Scores on the PSQ were compared with the amount of help-seeking behaviour for medical and mental reasons. Help-seeking behaviour for medical reasons was measured with yes/no questions after having visited a physician during the last three months, or having visited a medical specialist or a hospital during the last year. Regarding psychological complaints, respondents were first asked whether they ever had these. If so, whether this had occurred during the past year or before this past year. If they had had these complaints during the past year, they were asked whether they had consulted a physician and whether this physician had referred them to a specialized mental health service.

The demographic factors of gender, age, marital status, origin and level of education were taken into account.

Substance use was measured by inquiring after the weekly consumption of alcohol and cannabis.

Psychological morbidity indicators for general health (GHQ-12; Goldberg & William, 1988 ), anxiety (Cheung, 2002) and depression (Zung, 1965) were completed. Mental co-morbidity was determined by the number of above cut-off scores on the psychological morbidity indicators.

Social factors consisted of SES, loneliness as measured by the scale of de Jong-Gierveld (de Jong-Gierveld & Kamphuis, 1985) , and the question of ever having been a victim of physical violence and/or sexual abuse. Measures were performed in both waves, except the question concerning victimization (only wave 2).

3. Results

3.1. Factor and reliability Analysis

By using the screen plot method the PCA-analyses on the PSQ-items in each of the three samples revealed one factor with a high eigenvalue (wave 1: Eigenvalue factor 1 and 2 = 3.30 and 1.37; wave 2: Eigenvalue factor 1 and 2 = 3.02 and 1.42; referred clients sample: Eigenvalue factor 1 and 2 = 4.88 and 1.50; table 2).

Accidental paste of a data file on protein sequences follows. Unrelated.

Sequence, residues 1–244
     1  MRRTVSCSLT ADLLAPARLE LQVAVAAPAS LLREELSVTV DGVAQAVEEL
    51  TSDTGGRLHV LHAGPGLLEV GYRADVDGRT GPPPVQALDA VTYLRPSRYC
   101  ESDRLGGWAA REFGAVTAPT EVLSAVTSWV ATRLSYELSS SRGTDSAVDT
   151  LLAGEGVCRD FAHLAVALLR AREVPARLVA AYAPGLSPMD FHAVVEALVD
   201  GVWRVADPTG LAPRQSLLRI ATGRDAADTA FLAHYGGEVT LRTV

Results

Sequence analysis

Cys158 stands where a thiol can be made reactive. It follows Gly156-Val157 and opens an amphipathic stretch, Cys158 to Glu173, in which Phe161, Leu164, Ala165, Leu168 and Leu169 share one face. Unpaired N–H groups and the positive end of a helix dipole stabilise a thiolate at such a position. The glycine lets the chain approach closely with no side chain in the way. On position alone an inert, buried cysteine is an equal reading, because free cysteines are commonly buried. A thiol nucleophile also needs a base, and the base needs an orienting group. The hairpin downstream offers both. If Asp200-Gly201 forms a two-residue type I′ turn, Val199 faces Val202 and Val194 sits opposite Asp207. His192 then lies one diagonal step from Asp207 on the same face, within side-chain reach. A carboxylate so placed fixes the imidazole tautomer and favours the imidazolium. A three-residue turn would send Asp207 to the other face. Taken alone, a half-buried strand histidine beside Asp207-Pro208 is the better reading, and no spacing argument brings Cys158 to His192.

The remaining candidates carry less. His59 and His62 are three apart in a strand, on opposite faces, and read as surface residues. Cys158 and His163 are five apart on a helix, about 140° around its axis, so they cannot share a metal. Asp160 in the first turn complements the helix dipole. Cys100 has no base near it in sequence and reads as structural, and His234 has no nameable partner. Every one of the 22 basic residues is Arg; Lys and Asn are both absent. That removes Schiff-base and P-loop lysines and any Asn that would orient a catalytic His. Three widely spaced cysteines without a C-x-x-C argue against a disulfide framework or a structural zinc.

Table 2. Principal component analysis of 15 psychotic-like items over three samples (wave 1, N = 1528; wave 2, N = 525; referred clients, N = 113). Loadings of the first factor are denoted.

Note: Factor loadings of .40 or more are considered relevant in this study.

Over the three samples, the mean factor loading in 10 of the 15 items reached a value of .40 or more. These included the items 1 and 7 to 15 (see appendix). A closer inspection of the factor loadings in each of the three samples revealed a rather consistent pattern of high loadings for the mentioned 10 items and rather low loadings for the remaining 5 items (items 2 - 6). The alpha of the 15 items is in the range .58 - .81 (mean .67), and the alpha of the 10 items with a mean loading >.40 ranged from .63 to .82 (mean .71). Repeating the PCA-analyses with the 10 items only resulted in an increase of the mean explained variance by the first unrotated factor from 25.9% to 33.9%. Therefore, further analyses in this study concentrate on the 10 items with a sufficient mean factor loading. These 10 items were selected to constitute the Short Psychotic Symptoms Questionnaire (SPSQ). They all originated from the DAMMPI and included none of the SCL-90 items. There were no indications that the SCL-90 items constitute a separate factor.